The Bureau of Labor Statistics has penciled in a drag on fourth-quarter gross domestic product from slower inventory growth of 0.7%. The December numbers may change this figure and should also provide some idea of how far along the inventory adjustment is entering 2007.


Thursday, Feb. 15, 9 a.m. EST - Federal Reserve Bank of St. Louis President William Poole will speak at a meeting of the Chartered Financial Analysts in Omaha, Neb.

Thursday, Feb. 15, 10 a.m. EST - Federal Reserve Board Chairman Ben Bernanke concludes a two-day testimony on the Fed's semi-annual Monetary Policy Report to Congress. Today's presentation will be before the House Financial Services Committee.

JOBLESS CLAIMS - Thursday, Feb. 15, 8:30 a.m. EST

Jobless claims rose slightly in the week ended Feb. 3, to 311,000. In the prior week, claims were revised up a tick to 308,000, from the originally reported 307,000. The four-week moving average edged up to 308,250, from 305,000 in the week ended Jan. 27. Continuing jobless claims for the week ended Jan. 27 fell to 2.49 million, from 2.54 million in the week ended Jan. 20.

IMPORT AND EXPORT PRICES - Thursday, Feb. 15, 8:30 a.m. EST

Import prices are forecast to have plunged in January, due in part to energy prices. Prices rose 1.1% in December, following a gain of 0.5% in November. Outside of petroleum products, import prices rose 0.4% in December and 0.9% in November. A softer dollar has translated into a gradual increase in prices for imported goods. Capital goods prices were up 0.4% from a year ago after falling during most of 2006. Prices for consumer goods were up by a yearly pace of 1.2% in December, the biggest rise since September of 2005.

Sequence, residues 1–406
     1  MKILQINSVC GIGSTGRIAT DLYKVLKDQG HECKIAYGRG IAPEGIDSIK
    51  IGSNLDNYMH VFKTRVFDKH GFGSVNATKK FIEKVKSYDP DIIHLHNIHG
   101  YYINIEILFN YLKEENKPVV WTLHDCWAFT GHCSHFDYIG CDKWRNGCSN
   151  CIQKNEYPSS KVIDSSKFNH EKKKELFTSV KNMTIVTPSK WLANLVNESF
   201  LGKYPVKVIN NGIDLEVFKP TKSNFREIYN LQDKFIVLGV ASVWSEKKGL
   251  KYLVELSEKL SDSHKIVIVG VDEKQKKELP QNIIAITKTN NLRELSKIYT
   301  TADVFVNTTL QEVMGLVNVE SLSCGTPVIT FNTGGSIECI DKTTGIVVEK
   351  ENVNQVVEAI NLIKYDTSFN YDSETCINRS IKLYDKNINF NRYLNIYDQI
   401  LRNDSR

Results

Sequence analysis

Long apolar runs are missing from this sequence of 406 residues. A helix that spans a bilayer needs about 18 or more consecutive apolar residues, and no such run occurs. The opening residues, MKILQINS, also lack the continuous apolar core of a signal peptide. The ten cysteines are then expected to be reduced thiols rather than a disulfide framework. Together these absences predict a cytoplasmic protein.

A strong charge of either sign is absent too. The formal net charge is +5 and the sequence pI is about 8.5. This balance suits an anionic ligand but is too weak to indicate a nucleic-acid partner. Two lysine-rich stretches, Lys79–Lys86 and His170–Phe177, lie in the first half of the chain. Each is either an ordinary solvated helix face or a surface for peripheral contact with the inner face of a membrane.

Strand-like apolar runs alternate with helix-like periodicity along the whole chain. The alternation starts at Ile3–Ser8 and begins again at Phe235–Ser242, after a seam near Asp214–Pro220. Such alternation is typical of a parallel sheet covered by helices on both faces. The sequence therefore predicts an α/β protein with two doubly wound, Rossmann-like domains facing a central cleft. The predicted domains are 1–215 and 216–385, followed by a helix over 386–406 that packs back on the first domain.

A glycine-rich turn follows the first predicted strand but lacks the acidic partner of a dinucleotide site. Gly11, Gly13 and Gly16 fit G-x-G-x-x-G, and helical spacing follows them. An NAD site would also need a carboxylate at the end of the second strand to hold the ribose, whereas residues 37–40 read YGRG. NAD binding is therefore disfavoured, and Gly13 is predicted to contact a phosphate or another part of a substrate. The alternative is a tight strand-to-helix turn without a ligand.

The other side of a falling dollar are rising export prices. In January, export prices probably edged higher after a 0.7% rise in December, and 0.4% in November. Export prices among agricultural commodities grew rapidly in both December and November. But a weaker dollar and resilient economic growth abroad appears to be leading to a gradual upturn in export prices of capital and consumer goods. Capital goods prices were up 1.2% from a year ago, while consumer goods prices rose 2.1%.


The New York Federal Reserve Bank's February survey of manufacturers is forecast to improve a little, after hitting a nineteen month low of 9.1 in January. The December reading was 22.2. The January results for new orders, shipments, and employment mellowed. The unfilled orders index improved, but still lingered in negative territory. A negative result means an overall decline in order backlogs.